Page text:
Ultimately, these soft skills paired with a sense of curiosity remain the human touch that makes recruiting a deeply personal and effective process. Recruiters who master these skills will not only adapt to the changing landscape but set new standards for excellence.

The Six Stages of Career Growth

Although there is no definite path in any career, many professional journeys follow a distinct course that leads to success. In fact, Gary Burnison, CEO of consulting firm Korn Ferry, believes there are six notable stages of any given career. Through every step, professional development requires a few key strategies to guarantee upward growth.  

The Follower 

The ability to network and stay connected generally reins the most important. Remaining a good contact allows you to keep doors open in future endeavors, should you ever need recommendations or referrals. This skillset is often taught in the first stage, which Burnison refers to as the Follower. Many of us in the working world experienced an internship or first job out of school, traditionally under the eyes of a supervisor. “You will never lead if you don’t know how to follow,” Burnison says. Arguably, this first stage is the most crucial, as it acts as the stepping stone to your future and allows you to begin building your network. 

The Collaborator  

This stage strengthens the skills you learned from your first job. Rather than taking direct orders from one singular person, you are working collaboratively with a group and banding together. In this job, you should be focusing on team building and the skills it takes to produce quality work with colleagues.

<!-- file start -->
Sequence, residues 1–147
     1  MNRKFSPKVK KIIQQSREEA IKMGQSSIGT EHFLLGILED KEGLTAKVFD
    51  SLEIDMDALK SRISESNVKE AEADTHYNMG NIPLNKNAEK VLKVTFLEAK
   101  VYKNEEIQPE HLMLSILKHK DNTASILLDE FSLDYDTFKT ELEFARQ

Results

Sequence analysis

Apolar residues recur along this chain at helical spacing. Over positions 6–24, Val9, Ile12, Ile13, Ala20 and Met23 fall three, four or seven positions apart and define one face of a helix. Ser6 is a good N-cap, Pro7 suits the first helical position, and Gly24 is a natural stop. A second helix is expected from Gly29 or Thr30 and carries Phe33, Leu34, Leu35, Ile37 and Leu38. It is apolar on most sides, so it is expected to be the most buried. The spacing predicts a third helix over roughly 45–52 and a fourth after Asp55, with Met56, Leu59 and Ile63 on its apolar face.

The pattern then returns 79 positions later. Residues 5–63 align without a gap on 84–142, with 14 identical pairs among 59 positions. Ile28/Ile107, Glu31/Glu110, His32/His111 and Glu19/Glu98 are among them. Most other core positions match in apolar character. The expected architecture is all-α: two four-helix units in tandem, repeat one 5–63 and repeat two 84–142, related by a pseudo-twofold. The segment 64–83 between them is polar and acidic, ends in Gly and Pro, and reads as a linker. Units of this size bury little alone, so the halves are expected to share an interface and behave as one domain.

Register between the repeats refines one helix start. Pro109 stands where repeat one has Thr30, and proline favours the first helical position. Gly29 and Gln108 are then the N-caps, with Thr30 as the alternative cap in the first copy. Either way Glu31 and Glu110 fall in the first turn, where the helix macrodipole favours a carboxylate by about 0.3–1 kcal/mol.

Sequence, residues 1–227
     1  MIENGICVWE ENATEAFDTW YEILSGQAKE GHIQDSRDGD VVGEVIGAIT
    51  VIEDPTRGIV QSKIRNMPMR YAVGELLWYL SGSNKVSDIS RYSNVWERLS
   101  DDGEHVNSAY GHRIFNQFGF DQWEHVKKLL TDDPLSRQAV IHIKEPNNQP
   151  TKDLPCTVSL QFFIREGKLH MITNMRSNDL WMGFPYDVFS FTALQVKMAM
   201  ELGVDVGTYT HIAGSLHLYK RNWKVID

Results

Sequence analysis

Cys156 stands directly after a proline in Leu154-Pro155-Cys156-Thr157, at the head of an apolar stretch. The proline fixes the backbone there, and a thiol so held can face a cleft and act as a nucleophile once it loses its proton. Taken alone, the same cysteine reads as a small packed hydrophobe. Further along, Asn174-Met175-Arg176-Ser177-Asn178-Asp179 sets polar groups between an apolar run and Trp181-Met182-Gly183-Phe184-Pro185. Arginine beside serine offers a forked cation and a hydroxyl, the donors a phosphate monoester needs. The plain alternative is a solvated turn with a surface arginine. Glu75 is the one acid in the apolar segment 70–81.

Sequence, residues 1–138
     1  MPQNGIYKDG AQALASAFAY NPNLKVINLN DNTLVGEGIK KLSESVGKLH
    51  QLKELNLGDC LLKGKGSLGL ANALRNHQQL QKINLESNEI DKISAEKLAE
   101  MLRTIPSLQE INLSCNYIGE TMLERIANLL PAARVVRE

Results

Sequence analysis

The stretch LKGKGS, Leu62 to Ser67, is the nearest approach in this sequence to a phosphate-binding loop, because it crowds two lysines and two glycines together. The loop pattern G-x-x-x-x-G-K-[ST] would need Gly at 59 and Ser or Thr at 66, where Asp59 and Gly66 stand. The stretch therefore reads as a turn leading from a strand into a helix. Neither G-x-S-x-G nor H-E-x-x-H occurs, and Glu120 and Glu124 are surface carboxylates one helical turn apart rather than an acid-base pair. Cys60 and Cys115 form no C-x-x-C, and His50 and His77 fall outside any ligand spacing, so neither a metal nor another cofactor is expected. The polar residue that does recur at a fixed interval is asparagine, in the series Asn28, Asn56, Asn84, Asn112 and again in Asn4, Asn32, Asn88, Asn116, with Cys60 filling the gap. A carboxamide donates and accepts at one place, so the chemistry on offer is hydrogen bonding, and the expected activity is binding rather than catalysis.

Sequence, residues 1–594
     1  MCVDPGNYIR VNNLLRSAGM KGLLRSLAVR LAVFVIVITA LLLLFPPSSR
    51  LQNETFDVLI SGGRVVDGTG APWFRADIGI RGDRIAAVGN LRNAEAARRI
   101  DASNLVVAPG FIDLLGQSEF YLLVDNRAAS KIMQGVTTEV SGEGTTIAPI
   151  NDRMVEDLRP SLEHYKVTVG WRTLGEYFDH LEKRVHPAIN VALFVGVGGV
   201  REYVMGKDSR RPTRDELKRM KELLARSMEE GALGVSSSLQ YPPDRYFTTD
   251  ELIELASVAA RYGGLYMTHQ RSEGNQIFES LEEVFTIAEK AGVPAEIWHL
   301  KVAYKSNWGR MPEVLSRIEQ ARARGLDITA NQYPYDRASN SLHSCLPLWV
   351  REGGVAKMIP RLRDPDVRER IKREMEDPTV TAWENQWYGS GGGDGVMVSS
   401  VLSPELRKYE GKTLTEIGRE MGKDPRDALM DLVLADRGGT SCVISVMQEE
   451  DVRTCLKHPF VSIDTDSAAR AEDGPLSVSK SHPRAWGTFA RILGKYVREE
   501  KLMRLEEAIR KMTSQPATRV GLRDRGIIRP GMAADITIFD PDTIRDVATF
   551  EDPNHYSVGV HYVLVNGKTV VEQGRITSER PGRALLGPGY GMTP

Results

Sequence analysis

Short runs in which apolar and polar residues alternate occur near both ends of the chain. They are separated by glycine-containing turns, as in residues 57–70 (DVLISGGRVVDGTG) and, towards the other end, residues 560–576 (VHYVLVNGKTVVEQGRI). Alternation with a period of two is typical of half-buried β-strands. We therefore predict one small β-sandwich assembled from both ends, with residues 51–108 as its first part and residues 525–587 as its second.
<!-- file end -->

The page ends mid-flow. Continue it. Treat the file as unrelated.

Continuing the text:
The Instructor 

Learning to lead is an integral aspect of growing a career. Burnison claims there are two different types of jobs that will exceed your leadership skills: staff leadership and staff to line shifts. Staff leadership jobs “have the responsibility, but not the authority.” Basically, you are in charge of a team, but do not make final judgment calls. Staff to line shifts refer to jobs where there is a pre-determined result and managing larger projects.

The Manager 

This step speaks for itself. Burnison says, “Your skill set builds as you manage larger teams with bigger goals and objectives. You will need to motivate direct reports and learn how to manage them by giving objectives and goals, as well as the means to pursue and achieve them.” This is also commonly referred to as the Commitment Stage, as by this point in your career, you’ve likely netted out what type of work you want to do and can really focus on cultivating it from there. 

The Influencer 

Not to be confused with the modern take on the term “influencer,” this part of your career is when you start using your talents and experience to influence those working below you. It’s important for your colleagues to not only listen to you, but appreciate and learn from your presence.  

The Leader 

The final stage and what you’ve worked so long for. Leaders oversee large groups of people and inspire them to think differently, move forward, and perform their best. This doesn’t necessarily mean you are the CEO of a large corporation. According to Burnison, “Your biggest priority is to motivate people so that they can do and become more than even they thought possible.” 

The six stages are not concrete. Often, we might find we are moving laterally or working multiple jobs within one stage. There is no perfect way to climb the corporate ladder, but being aware of your own personal growth and the advantages of these steps is a sure way to better understand where you’re headed.

To find your next stage, check out our open roles today!